Wound Exudate

Hy-Tape International's picture
Management Strategies for Diabetic Foot Ulcers

By Hy-Tape International

According to a published study, the global prevalence of diabetic foot ulcers (DFUs) is 6.3%, with male patients and older adults being the most likely to be affected.1 This prevalence, coupled with the potential for complications and the severe effect on quality of life the condition can have, makes DFUs one of today's most serious health care issues. To reduce the effects of DFUs and improve outcomes for patients, it is critical that health care professionals rapidly identify DFUs and implement best practice dressing and management strategies.

Temple University School of Podiatric Medicine's picture
Temple University School of Podiatric Medicine

Article Title: Graduating Student Nurses' and Student Podiatrists' Wound Care Competence: A Cross-Sectional Study
Authors: Kielo E, Salminen L, Suhonen R, Puukka P, Stolt M
Journal: J Wound Care. 2019;28(3):136-145
Reviewed by: Stephanie Golding, class of 2020, Temple University School of Podiatric Medicine

WoundSource Editors's picture
post-operative wound drainage

As health care professionals monitor the wound drainage of a patient, it is critical to be able to recognize the different types of wound drainage. Open wounds and incision wounds may both present varying types of exudate, some of which are perfectly healthy and others which can signal an infection or slow healing. Identifying wounds that need a change in care can speed the healing process.

WoundSource Editors's picture
Surgical wound drainage

In normal wound healing, exudate plays an important role in allowing the migration of cells across the wound bed, facilitating the distribution of growth and immune factors vital to healing. Managing wound drainage involves making sure that exudate production is not too much or too little, and making sure the exudate does not have pus which would indicate an infection. Proper wound drainage management improves the patient's quality of life, promotes healing, and enhances health care effectiveness.

WoundSource Editors's picture
healing with alginate dressing

What is an Alginate Dressing?

Biodegradable alginate dressings made from seaweed date back at least fifty years and commercially available alginate has been available since 1983. Often used on wounds with heavy exudate, the alginates used to produce these dressings are made from a variety of seaweeds harvested around the world. Arguably underused, these dressings are not well studied and documented in the medical literature compared to other modern dressings.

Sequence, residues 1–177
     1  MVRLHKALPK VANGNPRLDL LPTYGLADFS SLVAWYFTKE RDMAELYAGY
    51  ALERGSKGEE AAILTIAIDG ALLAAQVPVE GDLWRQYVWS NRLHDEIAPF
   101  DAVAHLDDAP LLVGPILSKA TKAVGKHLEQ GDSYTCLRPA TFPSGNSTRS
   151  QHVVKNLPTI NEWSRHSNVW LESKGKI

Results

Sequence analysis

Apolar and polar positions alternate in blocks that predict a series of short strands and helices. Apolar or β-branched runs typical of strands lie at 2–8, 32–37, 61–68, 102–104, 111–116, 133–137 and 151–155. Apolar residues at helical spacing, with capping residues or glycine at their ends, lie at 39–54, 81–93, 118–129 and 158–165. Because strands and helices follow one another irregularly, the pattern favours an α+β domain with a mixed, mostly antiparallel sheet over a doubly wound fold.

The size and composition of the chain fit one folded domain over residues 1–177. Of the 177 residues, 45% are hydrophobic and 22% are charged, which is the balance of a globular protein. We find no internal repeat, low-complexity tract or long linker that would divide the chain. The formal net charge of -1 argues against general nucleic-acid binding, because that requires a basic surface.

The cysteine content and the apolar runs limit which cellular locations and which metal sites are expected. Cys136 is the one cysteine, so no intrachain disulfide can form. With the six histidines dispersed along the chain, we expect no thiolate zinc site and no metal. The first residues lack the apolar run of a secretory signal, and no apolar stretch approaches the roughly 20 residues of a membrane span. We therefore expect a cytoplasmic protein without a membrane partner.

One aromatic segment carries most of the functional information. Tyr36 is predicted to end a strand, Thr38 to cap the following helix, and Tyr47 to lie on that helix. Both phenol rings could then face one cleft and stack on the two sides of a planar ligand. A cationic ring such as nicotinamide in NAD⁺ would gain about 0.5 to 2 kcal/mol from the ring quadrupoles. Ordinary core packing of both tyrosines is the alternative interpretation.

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Holly Hovan's picture
comparison

By Holly Hovan MSN, APRN, CWOCN-AP

As wound care clinicians, we are aware that part of the process of consulting requires a comprehensive wound assessment, looking at wound characteristics, causative factors, and drainage. As I've previously mentioned, we've all heard the term, "a dry cell is a dead cell." However, not all wounds are dry.

Lindsay Andronaco's picture
surgical wound bandage and drainage

by Lindsay D. Andronaco RN, BSN, CWCN, WOC, DAPWCA, FAACWS

Wound exudate and how to properly assess and manage it has been a long standing clinical challenge in wound care. Assessing the exudate color, odor, volume, viscosity, and if it is causing maceration of the periwound skin are all important to note when creating a care plan for the patient. If there is not proper management of the exudate, then the high protease levels and low growth factor levels will negatively impact wound healing time.

Temple University School of Podiatric Medicine's picture

by Evangelia Athanasoula and James McGuire DPM, PT, CPed, FAPWHc

The sorbion sachet wound dressing, manufactured by sorbion GmbH & Co. in Germany and marketed in the US by Alliqua Biomedical, is a high capacity dressing that absorbs and holds wound exudate, removes some wound debris, draws in and holds wound bacteria helping to reduce surface bioburden, and maintains a balanced moist wound environment. The dressing uses what it calls "hydration response technology" to accomplish these goals.

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Bruce Ruben's picture
Scab

by Bruce E. Ruben MD

In the beginning, long before Johnson met Johnson and Band-Aids were invented, primitive men and women suffered minor cuts and abrasions and probably left them uncovered to heal. After all, the bleeding had stopped, a scab eventually formed and experience had taught them that their skin would heal in a week or two. So there was no great rush to find a use for those puffy, cottony, soft, white plants growing in the fields just yet.